St. Helena's Island, Pope's Plantation.
April 24, 1862.
Mr. Pierce's Head Quarters—
Family — Mrs. Johnson and her sister; Miss Donelson; Miss Susan Walker; Miss Winsor; Miss Laura Towne; Rina, Rebecca, Susannah, Lucy, Jane, Harry, Joe, Dagus, and others, being outside and inside members of the household.
Miss Donelson goes home only because she is not so situated that she can work.
The question of to-day is how to dispose of the clothing to the poor people. They are willing to buy generally, but the supply is too small to admit of selling all they want. . . .
They say, “Gov'ment is fighting for us and we will work for Gov'ment. We don't ask money; we only ask clothes and salt and sweetins.” They express the greatest love for the Yankees.
We ladies are borrowed, to go talk to the negroes, from one plantation to another, and we do good, great good. If I only had time to tell all they say to me! Or how they come thronging here for clothes and go away “too satisfied — too thank,” one woman said, at receiving some few things — generally, too, second-hand — some of it miserable. Too thankful, indeed, if you will only let them buy. We go again to-morrow upon a visit of cheering to the poor, anxious people who have lived on promises and are starving for clothes and food while patiently “working for Gov'ment.”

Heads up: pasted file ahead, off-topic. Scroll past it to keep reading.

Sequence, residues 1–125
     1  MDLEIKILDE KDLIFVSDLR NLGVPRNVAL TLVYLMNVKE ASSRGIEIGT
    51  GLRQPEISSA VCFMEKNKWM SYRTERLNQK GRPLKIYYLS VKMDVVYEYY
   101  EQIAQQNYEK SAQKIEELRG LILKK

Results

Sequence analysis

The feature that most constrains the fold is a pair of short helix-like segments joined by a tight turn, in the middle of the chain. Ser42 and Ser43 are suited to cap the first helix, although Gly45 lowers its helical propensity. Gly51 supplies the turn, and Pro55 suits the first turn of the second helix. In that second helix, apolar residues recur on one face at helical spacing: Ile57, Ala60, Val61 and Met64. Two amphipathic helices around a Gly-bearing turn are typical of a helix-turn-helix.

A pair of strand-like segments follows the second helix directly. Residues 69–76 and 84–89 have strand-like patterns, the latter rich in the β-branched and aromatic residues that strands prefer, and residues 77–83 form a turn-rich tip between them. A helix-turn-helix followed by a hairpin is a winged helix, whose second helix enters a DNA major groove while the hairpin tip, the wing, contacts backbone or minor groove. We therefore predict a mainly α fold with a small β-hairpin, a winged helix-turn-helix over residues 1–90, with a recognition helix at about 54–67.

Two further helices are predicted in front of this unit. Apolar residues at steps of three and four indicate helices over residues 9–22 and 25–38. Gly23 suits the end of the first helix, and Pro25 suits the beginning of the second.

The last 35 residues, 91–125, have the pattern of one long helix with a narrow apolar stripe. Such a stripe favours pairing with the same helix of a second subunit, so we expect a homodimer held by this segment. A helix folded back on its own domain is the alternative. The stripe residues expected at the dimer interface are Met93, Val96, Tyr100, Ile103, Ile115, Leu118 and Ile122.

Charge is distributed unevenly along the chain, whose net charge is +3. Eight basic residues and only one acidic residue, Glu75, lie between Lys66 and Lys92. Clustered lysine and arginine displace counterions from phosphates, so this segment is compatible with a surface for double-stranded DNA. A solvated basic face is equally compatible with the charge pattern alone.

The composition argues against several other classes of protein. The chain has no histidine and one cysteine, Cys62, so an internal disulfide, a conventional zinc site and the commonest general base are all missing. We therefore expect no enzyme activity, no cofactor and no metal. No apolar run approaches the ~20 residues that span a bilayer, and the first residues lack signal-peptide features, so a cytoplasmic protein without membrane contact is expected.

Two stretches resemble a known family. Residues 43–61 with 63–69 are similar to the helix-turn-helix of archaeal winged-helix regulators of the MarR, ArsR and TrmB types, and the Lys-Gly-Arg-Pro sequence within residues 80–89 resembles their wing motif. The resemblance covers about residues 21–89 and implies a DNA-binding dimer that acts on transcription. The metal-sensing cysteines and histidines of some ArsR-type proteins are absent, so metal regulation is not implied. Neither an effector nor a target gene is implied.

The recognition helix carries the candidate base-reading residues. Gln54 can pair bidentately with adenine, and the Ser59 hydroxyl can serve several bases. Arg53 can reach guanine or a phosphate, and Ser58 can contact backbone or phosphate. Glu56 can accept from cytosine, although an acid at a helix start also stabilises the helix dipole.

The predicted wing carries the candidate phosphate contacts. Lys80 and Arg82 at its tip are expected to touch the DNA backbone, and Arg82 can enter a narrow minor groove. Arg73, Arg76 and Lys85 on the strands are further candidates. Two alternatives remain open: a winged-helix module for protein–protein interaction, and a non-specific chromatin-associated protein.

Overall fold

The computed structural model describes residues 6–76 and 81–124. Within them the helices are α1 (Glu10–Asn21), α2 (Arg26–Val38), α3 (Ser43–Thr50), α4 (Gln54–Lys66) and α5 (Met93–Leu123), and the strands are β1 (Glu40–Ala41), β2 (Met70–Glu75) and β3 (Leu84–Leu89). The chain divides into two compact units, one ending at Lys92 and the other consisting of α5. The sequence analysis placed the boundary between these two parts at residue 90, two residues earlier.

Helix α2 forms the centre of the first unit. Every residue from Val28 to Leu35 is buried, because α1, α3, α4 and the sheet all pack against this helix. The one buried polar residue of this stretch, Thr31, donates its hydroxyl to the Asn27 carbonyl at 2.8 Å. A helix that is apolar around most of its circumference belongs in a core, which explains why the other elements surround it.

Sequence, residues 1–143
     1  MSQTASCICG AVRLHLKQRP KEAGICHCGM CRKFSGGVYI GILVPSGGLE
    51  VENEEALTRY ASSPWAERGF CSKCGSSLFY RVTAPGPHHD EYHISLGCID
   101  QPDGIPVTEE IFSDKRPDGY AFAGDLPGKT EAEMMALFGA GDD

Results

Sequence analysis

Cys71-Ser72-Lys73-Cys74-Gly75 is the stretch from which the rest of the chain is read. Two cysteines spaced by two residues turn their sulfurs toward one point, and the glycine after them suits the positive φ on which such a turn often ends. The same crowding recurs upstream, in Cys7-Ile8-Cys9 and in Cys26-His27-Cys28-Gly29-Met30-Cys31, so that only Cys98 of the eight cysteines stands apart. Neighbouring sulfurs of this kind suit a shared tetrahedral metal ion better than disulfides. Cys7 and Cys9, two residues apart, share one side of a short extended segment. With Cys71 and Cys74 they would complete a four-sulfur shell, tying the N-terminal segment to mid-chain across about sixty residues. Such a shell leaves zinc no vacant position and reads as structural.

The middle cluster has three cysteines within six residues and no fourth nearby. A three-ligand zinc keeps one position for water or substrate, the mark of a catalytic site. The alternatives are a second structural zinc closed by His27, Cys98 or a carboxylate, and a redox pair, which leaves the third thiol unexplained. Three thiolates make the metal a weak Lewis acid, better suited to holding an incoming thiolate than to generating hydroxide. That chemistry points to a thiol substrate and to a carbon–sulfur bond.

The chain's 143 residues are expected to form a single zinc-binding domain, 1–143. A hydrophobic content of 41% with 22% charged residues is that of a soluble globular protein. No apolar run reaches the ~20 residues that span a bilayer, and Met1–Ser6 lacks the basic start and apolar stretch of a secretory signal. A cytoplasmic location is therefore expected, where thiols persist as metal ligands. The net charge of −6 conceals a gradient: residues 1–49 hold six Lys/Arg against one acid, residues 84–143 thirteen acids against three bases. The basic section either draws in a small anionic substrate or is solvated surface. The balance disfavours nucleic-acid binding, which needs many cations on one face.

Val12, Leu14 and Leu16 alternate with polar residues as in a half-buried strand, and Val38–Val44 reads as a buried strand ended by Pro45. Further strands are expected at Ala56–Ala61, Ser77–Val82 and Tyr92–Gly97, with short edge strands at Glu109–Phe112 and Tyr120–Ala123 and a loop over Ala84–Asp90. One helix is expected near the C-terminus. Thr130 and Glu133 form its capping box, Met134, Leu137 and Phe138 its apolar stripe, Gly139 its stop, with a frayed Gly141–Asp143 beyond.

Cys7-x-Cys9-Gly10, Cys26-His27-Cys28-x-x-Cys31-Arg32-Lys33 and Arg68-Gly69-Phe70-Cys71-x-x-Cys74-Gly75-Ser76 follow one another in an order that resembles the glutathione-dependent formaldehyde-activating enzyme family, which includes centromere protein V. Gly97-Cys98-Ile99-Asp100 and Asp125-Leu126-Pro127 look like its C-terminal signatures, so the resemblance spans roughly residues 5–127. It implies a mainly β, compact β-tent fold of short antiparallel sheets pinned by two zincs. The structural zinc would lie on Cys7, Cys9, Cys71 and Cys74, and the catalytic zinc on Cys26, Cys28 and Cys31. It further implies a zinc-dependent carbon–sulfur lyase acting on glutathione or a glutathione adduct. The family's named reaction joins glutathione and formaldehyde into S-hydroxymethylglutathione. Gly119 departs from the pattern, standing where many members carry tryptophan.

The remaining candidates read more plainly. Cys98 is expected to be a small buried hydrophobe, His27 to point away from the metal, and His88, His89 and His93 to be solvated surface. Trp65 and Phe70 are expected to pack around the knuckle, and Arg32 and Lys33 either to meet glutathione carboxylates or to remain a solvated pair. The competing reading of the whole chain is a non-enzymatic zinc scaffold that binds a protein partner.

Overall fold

The cotton agents promised last year and now are just paying for the cotton picked on their promise, one dollar in four — the rest in orders on their stores, where they sell molasses at fifteen cents a pint and soap and salt in proportion. The negroes take it hard that they must work at cotton again this year, especially as it must be to the neglect of their corn, upon which they have the sense to feel that their next winter's food depends....
Rupert Sargent Holland, Editor, Letters and Diary of Laura M. Towne: Written from the Sea Islands of South Carolina 1862-1864, p. 15-7